Available on Netflix
TV shows and movies about female empowerment always seem to fail in some way as dramas. Maybe it’s because we generally expect everyone in a drama to be at each other’s throats or maybe it’s because we expect real-life to be full of failure, but anything in which everyone is heart-warmingly co-operative and in which the plucky underdog manages to triumph against the odds – and those who would oppress her – never feels truly authentic.
It doesn’t help that ’empowerment’ has been co-opted as by marketers for just about anything. What Women Want is ruined by many things – including Mel Gibson – but its relentless attempt to persuade you that Nike Women is really all about empowering women rather than extracting cash from them in exchange for over-priced trainers is downright nauseating. And that’s before we get onto anything in which stripping, pole-dancing, posing for naked calendars, beauty competitions et al are portrayed as actually completely liberating experiences, not exploitative, you sexist.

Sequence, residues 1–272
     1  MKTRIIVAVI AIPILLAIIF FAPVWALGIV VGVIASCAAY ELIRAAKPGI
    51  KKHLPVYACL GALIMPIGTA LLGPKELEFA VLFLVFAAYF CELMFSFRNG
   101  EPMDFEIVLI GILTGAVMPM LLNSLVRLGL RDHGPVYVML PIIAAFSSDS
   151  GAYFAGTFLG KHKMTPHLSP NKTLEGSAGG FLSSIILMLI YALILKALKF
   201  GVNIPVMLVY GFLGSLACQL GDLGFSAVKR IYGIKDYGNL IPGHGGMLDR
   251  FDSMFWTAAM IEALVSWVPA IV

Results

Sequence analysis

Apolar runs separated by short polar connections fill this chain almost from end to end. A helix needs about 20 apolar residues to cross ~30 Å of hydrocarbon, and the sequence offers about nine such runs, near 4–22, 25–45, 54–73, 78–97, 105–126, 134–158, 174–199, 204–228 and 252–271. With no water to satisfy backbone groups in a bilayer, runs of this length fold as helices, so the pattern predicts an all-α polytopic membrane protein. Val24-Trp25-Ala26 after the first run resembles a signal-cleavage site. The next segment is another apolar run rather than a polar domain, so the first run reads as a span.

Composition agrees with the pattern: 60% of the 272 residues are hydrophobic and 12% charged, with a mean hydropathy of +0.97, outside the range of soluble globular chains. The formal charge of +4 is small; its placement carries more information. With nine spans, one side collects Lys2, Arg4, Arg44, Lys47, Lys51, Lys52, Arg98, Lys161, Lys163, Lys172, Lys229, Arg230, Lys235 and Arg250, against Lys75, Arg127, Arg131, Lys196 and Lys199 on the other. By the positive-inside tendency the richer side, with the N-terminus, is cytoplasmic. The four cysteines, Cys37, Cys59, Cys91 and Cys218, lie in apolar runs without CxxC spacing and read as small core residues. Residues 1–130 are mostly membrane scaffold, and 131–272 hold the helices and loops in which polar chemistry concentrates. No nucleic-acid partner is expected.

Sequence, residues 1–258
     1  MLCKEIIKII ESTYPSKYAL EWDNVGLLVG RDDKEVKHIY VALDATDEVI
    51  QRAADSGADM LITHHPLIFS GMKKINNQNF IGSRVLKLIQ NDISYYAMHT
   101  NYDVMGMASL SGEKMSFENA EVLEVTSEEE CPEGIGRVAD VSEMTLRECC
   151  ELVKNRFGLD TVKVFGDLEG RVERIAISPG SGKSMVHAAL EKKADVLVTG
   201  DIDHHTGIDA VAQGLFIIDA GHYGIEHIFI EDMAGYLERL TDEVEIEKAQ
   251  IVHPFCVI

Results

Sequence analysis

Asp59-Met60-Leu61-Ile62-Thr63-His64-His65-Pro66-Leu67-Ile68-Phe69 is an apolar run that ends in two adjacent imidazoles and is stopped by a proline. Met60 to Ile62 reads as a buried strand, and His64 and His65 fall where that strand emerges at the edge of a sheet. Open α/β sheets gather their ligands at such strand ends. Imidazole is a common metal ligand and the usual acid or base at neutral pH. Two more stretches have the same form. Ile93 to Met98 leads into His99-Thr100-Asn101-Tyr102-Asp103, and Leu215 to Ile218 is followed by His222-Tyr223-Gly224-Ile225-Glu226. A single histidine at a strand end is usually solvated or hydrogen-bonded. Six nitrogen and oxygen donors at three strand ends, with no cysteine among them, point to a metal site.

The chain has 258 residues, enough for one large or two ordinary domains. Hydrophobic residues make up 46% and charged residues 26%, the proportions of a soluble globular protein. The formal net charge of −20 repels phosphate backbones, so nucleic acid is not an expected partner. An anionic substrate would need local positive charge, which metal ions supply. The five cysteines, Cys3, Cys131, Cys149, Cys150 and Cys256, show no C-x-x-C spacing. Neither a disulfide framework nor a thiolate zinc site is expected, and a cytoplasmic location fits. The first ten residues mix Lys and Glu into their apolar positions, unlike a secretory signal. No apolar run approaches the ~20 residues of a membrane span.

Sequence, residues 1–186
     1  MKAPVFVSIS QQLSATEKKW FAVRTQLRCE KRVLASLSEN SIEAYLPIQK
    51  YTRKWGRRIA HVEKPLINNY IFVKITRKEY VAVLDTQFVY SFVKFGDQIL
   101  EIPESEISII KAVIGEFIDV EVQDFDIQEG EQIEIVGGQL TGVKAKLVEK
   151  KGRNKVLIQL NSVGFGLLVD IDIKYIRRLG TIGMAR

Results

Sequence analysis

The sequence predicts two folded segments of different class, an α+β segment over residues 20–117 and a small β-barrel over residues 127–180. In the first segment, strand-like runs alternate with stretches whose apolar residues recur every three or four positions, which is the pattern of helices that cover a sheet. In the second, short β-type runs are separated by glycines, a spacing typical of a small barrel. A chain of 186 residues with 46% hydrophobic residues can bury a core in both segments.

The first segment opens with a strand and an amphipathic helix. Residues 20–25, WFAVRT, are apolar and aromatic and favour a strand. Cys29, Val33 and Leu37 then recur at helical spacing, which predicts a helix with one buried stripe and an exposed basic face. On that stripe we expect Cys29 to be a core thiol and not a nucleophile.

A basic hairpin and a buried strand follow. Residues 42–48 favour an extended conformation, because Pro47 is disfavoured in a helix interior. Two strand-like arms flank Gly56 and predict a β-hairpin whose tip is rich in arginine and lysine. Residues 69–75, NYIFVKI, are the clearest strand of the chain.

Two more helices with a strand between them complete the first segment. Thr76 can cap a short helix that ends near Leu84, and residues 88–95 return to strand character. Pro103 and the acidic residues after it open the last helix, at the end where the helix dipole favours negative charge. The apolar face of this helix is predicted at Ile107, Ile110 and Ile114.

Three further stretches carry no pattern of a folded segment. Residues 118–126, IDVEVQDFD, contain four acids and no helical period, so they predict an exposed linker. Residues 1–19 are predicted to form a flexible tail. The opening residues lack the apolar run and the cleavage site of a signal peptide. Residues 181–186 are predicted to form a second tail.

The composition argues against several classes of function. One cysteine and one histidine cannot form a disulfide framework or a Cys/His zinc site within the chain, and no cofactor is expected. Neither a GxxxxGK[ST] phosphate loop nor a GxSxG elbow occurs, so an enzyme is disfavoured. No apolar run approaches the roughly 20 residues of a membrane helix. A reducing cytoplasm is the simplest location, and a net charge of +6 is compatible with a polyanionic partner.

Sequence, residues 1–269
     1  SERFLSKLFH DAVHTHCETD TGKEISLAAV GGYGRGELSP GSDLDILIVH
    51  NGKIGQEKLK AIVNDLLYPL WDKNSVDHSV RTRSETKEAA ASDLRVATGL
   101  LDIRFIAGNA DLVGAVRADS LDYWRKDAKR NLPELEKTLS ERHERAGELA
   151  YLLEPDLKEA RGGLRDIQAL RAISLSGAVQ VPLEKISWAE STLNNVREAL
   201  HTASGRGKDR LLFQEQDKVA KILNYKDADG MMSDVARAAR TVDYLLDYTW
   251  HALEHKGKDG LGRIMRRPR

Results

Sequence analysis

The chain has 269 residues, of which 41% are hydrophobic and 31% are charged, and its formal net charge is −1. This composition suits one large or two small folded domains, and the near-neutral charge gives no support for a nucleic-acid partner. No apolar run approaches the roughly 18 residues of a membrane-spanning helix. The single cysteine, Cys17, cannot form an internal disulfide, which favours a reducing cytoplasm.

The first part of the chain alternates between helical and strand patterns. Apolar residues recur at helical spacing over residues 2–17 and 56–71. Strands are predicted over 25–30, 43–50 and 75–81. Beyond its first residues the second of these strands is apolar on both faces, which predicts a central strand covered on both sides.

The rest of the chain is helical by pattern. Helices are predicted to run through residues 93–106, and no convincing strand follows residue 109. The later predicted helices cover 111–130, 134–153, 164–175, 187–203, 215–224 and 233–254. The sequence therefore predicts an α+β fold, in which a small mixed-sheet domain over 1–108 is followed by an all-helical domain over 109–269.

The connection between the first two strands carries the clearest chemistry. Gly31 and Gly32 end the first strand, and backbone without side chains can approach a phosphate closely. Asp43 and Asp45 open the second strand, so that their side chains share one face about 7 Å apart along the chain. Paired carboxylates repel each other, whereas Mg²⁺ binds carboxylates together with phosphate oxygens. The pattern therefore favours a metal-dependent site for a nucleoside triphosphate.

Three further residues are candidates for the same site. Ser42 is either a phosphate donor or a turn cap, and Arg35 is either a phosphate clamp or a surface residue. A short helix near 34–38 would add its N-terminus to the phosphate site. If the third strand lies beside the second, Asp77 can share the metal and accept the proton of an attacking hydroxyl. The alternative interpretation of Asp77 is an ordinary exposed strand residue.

The first season of GLOW was therefore something of a rare beast. At first, little more than a sub-comedic drama set in the 80s world of women’s wrestling – being very loosely based on the genuine show Gorgeous Ladies of Wrestling – it rapidly evolved into a hymn to ineptitude that sees failed actress Alison Brie (Community) working with equally failed schlock film director Marc Maron (Maron) to try to put together a viable pilot for a show about female wrestlers that, really, just isn’t that good. There are terrible storylines, all the women end up playing terrible stereotypes (eg suicide bombers, ‘welfare queens’, evil Russians, members of the Ku Klux Klan) and no one’s actually any good at wrestling or even acting. And at no point doesn’t anyone try to argue that what they’re doing will close the pay gap and end discrimination as we know it
The first season took a little while to get into gear, it has to be said. Mild guffaws, for sure, but it wasn’t until episode seven when they’re actually shooting the pilot that we got some genuine comedy and the season started to come together.
So expectations were… mild for season two. More gentle comedy while a group of slightly diverse women learn to get along together while fighting one another?
Pretty much, yes. That’s what season two is. But let’s not knock that. There are worse ways to spend your time by far, and there is one episode of absolute genius, too.